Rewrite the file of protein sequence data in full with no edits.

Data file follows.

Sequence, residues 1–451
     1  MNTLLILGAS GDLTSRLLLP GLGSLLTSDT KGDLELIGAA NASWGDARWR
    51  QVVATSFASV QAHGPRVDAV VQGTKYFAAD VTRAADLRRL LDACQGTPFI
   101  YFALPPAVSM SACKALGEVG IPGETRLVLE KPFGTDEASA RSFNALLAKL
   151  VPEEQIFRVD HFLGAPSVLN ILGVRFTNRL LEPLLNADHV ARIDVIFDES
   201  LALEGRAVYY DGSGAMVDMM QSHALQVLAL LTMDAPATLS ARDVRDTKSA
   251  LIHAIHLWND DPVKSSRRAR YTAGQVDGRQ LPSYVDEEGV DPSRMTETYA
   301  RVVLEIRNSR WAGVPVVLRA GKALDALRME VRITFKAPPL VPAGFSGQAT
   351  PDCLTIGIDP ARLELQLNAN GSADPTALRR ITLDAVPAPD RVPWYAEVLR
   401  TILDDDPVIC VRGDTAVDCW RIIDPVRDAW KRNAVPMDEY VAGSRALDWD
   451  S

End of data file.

Sequence, residues 1–451
     1  MNTLLILGAS GDLTSRLLLP GLGSLLTSDT KGDLELIGAA NASWGDARWR
    51  QVVATSFASV QAHGPRVDAV VQGTKYFAAD VTRAADLRRL LDACQGTPFI
   101  YFALPPAVSM SACKALGEVG IPGETRLVLE KPFGTDEASA RSFNALLAKL
   151  VPEEQIFRVD HFLGAPSVLN ILGVRFTNRL LEPLLNADHV ARIDVIFDES
   201  LALEGRAVYY DGSGAMVDMM QSHALQVLAL LTMDAPATLS ARDVRDTKSA
   251  LIHAIHLWND DPVKSSRRAR YTAGQVDGRQ LPSYVDEEGV DPSRMTETYA
   301  RVVLEIRNSR WAGVPVVLRA GKALDALRME VRITFKAPPL VPAGFSGQAT
   351  PDCLTIGIDP ARLELQLNAN GSADPTALRR ITLDAVPAPD RVPWYAEVLR
   401  TILDDDPVIC VRGDTAVDCW RIIDPVRDAW KRNAVPMDEY VAGSRALDWD
   451  S